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This July 4th, most Americans gathered with family, neighbors, friends, and fellow patriots to celebrate the United States’ 237th year as an independent nation. For some, the narrative of this day doesn’t move much beyond America’s fight against the British Crown and the successful establishment of a government of, by, and for the people. As we watch events unfold in Egypt, however, it is fitting to remember how radical and revolutionary those brave men and women were in 1776.


The Founders did not have a simple decision to make but a series of profoundly complicated, interconnected decisions and actions. Declaring independence and establishing a government are two very different (and often contradictory) challenges, the former demanding tremendous courage and incurring existential risk, while the latter is in many ways more fraught with long term peril.


What made the tasks possible was a simple vision: the nation must be free because the people had already asserted their liberty. In the Declaration, the signers stated, “A Prince, whose character is thus marked by every act which may define a Tyrant, is unfit to be the ruler of a free people.” The people in the streets of Cairo today, Tehran in 2009, and every city square where they are pushing for freedom would certainly see their own tyrants as morally unfit to rule.


Of course, we know that the path toward freedom is never simple or straightforward. As former Secretary of State Condoleezza Rice has said:


Yes, our ideals and our optimism make Americans impatient, but our history, our experience, should make us patient at the same time. We, of all people, realize how long and difficult the path of democracy really is. After all, when our Founding Fathers said “We the People,” they did not mean me. It took the Great Emancipator, Abraham Lincoln, to overcome the compromise in our Constitution that made the founding of the United States of America possible, but that made my ancestors three-fifths of a man.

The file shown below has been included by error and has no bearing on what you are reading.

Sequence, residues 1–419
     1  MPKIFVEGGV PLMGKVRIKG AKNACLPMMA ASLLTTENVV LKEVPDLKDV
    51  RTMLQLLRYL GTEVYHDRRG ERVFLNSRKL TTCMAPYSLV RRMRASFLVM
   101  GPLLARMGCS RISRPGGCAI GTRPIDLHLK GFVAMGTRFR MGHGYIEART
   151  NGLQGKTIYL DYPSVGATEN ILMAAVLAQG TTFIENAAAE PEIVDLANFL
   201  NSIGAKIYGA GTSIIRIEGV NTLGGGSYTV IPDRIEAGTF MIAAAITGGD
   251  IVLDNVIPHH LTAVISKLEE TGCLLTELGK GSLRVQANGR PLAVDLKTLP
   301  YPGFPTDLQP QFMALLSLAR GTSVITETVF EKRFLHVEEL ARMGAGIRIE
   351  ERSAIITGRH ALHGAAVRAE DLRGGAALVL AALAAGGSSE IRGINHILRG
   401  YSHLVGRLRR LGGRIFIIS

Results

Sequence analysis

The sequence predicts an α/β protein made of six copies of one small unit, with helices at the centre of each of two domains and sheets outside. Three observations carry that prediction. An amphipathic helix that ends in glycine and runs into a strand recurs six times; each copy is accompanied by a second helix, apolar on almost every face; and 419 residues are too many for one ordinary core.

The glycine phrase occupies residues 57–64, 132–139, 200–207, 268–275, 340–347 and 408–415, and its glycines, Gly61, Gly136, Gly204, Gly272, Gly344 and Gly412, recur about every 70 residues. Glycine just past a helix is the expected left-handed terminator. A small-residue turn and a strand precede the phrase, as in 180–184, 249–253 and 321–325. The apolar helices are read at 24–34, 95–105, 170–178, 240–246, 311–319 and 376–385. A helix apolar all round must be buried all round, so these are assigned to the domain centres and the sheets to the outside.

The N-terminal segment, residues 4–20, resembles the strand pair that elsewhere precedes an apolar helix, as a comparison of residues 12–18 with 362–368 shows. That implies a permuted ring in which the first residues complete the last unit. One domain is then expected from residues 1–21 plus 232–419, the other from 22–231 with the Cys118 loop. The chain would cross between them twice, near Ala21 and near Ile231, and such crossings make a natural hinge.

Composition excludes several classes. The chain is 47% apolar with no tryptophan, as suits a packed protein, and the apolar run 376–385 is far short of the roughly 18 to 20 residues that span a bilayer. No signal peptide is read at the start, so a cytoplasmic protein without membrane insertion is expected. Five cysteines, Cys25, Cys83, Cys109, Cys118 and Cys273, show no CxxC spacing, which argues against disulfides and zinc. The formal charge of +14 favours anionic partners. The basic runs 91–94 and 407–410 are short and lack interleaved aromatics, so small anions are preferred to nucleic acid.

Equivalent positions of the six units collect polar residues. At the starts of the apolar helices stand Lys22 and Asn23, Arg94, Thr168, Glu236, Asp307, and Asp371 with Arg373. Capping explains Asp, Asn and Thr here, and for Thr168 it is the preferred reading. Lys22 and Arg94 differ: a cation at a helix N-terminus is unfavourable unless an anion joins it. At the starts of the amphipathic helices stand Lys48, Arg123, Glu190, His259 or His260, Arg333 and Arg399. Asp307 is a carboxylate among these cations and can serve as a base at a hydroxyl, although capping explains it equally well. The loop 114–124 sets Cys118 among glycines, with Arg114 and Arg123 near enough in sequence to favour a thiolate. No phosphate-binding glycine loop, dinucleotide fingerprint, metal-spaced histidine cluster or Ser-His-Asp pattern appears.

There are reversals. Dictators learn to adapt to changing circumstances. Sometimes it’s as simple as unleashing brute force and violence. Thankfully, the British were unable to push back the Americans and reestablish unjust rule. America’s Founders still tempered their hope with caution:


Prudence, indeed, will dictate that Governments long established should not be changed for light and transient causes; and accordingly all experience hath shewn, that mankind are more disposed to suffer, while evils are sufferable, than to right themselves by abolishing the forms to which they are accustomed. But when a long train of abuses and usurpations, pursuing invariably the same Object evinces a design to reduce them under absolute Despotism, it is their right, it is their duty, to throw off such Government . . . .


Free peoples the world over have this same “right and duty” to throw off oppressive governments. One need not wait for despotism to arrive but should act when the designs are clear. Once the despot gets the upper hand and consolidates complete power (e.g. North Korea, Cuba, etc.), it can be very difficult to dislodge the cancer.


On this day of celebrating the courage of America’s Founders and the establishment of a country of free people governing themselves, it is always good to remind ourselves of the words of President Ronald Reagan: “Above all, we must realize that no arsenal, or no weapon in the arsenals of the world, is so formidable as the will and moral courage of free men and women. It is a weapon our adversaries in today’s world do not have.” Indeed.


Kent Patton is the Editor of the Freedom Collection blog.


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